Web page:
Plaza de España

En Andalucía, la primera ciudad que visitamos fue Sevilla. ¡Que alegría que íbamos a visitar la ciudad hermana de mi ciudad, KCMO! Por supuesto, me aseguré ponerme una camiseta sin mangas de KCMO. En Sevilla, primero visitamos la Plaza de América, con los jardines y las fuentes. El siguiente lugar que vistamos fue la Plaza de España. Un gran área con un altar de cada provincia de España. ¡Que bonita era la Plaza! No sólo yo tuve memorias de KCMO y la plaza allá, sino encontré un altar de Alicante también –  mi primer amor español.

Plaza de América

In Andalusia, the first city that was visited was Seville. What joy I had that we were going to visit the sister city of KCMO! Of course, I made sure to wear a KCMO tank top. In Seville, first we visited the Plaza of America, with the gardens and the fountains. The next place that was visited was the Plaza of Spain. A great area with a shrine for each province of Spain. How beautiful was the Plaza! Not only did I have memories of KCMO and the plaza there, but I found an altar to Alicante too – my first Spanish love.

la Catedral de Córdoba

Después de ver las vistas en Sevilla, nos fuimos para Córdoba. En esta ciudad, vi la catedral cordobesa, un edificio de mucho lujo y una historia muy compleja. Al igual que en Andalucía en general, esta ciudad se cambió del control de los moros al control de los católicos unas veces – estos cambios se reflejan de los estilos de la catedral. Hay una parte de un estilo muy árabe, con los arcos entre las columnas, cual funcionaba como una mezquita en una época. Esta parte entonces se conectó con una parte muy lujosa, de un estilo muy europeo. En esta parte, había muchas reliquias muy lujosas de plata y de oro. Era una estructura fascinanate.

Los arcos de la catedral cordobesa
Las reliquias lujosas cordobesas de la catedral

After seeing the sights in Seville, we left for Cordoba (sometimes written Cordova). In this city, we saw the cathedral of Cordoba, a building with so many luxuries and a very complicated history. As in Andalusia in general, this city was changed from the control of the Moors to the control of the Catholics a few times – these changes are reflected in the styles of the cathedral. There is a part with a very Moorish style, with the arches between the columns, which was functioning as a mosque at a time. This part was then connected with a very luxurious part, of a very European style. In this part, there were many very luxurious artifacts of silver and of gold. It was a fascinating building.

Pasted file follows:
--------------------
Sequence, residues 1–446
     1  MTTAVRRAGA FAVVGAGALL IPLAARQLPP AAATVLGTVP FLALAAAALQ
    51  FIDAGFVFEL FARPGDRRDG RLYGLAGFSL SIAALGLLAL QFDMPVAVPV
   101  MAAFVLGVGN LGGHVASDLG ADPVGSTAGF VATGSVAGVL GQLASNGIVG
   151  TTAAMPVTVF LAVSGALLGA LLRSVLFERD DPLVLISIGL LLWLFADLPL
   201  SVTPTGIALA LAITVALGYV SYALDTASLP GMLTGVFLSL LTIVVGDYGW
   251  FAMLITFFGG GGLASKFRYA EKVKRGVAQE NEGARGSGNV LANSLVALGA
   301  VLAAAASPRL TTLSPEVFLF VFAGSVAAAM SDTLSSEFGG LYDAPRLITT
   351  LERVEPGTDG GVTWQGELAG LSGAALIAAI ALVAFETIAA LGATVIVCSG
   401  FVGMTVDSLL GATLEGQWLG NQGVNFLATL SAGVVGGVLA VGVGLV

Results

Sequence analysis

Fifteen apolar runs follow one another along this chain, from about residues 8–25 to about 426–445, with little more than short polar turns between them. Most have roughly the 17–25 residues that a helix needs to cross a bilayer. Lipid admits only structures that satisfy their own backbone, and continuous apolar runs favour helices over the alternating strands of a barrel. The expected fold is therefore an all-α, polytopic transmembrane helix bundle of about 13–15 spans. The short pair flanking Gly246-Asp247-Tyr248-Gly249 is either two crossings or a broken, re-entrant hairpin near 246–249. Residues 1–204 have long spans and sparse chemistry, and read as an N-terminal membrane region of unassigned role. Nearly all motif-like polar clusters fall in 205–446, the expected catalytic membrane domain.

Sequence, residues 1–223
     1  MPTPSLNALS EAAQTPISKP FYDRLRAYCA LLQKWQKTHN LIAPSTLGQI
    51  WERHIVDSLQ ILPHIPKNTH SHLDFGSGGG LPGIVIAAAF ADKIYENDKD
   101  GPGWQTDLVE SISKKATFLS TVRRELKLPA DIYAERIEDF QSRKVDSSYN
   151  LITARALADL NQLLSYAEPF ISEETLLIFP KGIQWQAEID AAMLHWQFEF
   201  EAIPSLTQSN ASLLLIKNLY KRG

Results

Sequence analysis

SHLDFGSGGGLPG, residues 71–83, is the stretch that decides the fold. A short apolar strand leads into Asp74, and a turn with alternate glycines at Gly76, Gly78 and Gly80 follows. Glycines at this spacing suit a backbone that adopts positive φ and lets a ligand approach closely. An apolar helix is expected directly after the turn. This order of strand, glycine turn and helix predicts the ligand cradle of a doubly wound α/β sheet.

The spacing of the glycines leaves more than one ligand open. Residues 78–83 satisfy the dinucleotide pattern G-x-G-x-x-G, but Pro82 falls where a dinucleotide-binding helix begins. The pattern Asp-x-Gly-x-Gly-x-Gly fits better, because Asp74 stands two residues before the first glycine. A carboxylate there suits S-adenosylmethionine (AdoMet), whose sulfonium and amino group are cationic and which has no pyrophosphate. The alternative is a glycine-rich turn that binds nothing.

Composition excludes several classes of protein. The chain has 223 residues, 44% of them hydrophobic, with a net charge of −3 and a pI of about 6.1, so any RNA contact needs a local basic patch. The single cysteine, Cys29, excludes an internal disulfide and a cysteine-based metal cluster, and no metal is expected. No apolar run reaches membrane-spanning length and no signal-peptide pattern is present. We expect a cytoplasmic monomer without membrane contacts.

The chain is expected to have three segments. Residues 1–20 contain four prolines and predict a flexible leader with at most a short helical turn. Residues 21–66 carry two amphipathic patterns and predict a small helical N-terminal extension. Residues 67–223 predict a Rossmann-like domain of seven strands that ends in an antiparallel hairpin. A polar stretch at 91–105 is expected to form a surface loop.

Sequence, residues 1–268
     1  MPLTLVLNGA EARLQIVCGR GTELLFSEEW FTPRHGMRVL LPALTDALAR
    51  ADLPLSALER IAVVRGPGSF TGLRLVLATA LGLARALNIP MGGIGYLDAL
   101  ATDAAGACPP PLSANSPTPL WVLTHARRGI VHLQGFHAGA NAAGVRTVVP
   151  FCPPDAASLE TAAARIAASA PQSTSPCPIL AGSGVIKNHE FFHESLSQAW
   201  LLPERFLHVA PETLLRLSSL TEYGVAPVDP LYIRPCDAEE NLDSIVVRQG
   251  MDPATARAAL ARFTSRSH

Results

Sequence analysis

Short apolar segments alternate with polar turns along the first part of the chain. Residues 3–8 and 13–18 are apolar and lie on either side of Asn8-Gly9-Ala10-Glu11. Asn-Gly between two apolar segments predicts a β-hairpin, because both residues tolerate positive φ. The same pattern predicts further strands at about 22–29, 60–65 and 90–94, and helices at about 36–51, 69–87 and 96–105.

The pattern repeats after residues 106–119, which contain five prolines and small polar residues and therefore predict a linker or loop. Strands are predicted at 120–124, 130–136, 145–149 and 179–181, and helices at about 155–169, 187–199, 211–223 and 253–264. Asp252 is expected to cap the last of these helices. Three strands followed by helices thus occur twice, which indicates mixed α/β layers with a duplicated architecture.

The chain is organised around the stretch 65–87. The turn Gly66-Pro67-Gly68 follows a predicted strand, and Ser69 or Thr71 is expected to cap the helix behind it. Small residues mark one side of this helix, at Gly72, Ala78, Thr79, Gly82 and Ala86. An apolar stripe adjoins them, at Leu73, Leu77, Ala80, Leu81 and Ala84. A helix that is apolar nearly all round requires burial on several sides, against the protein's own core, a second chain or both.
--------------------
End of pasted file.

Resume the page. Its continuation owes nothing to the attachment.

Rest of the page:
Después de ver Córdoba, nos fuimos para la costa. Nosotros entonces vimos unas ciudades por la costa sureña de España – Andalucía ocupa casi toda la costa sureña ibérica, otra de la costa portuguesa y la costa de Murcia. Llegamos a la ciudad de Torremolinos primero – donde nos quedamos por tres días. Torremolinos me hizo pensar en Florida, me pareció como el estado, con las playas y estaba muy cerca del mar. Por el segundo día, vimos tres más ciudades andaluzas – Málaga, Frigiliana, y Almuñécar. Frigiliana es una ciudad del estilo muy clásicamente mediterráneo – casas blancas por la colinas.


After seeing Cordoba, we left for the coast We then saw some cities along the coast of southern Spain – Andalusia occupies almost the whole southern Iberian coast, other than the Portuguese coast and the coast of Murcia. We arrived to the city of Torremolinos first – where we stayed for 3 days. Torremolinos made me think about Florida, it seemed to me like the state. For the second day, we saw three more Andalusian cities – Málaga, Frigiliana, y Almuñécar. Frigiliana was a city with a very classically Mediterranean style, white houses through the hills.

El tiempo que ha pasado fue maravilloso. Apenas puedo esperar pasar más aquí.

The time that has passed was wonderful. I can barely wait to spend more here.


Chico Veinticinco










Natagnél Frisella is a senior at the University of Missouri-Kansas City, studying Spanish Language & Literature. Natagnél is traveling through Spain this summer 2017, concluding with the UMKC Spanish Program based at the University of Granada in Southern Spain.

Student blog entries posted to the Roos Abroad Blog may not reflect the opinions and recommendations of UMKC Study Abroad and International Academic Programs. The blog is intended to give students a forum for free expression of thoughts and experiences abroad in a respectful space.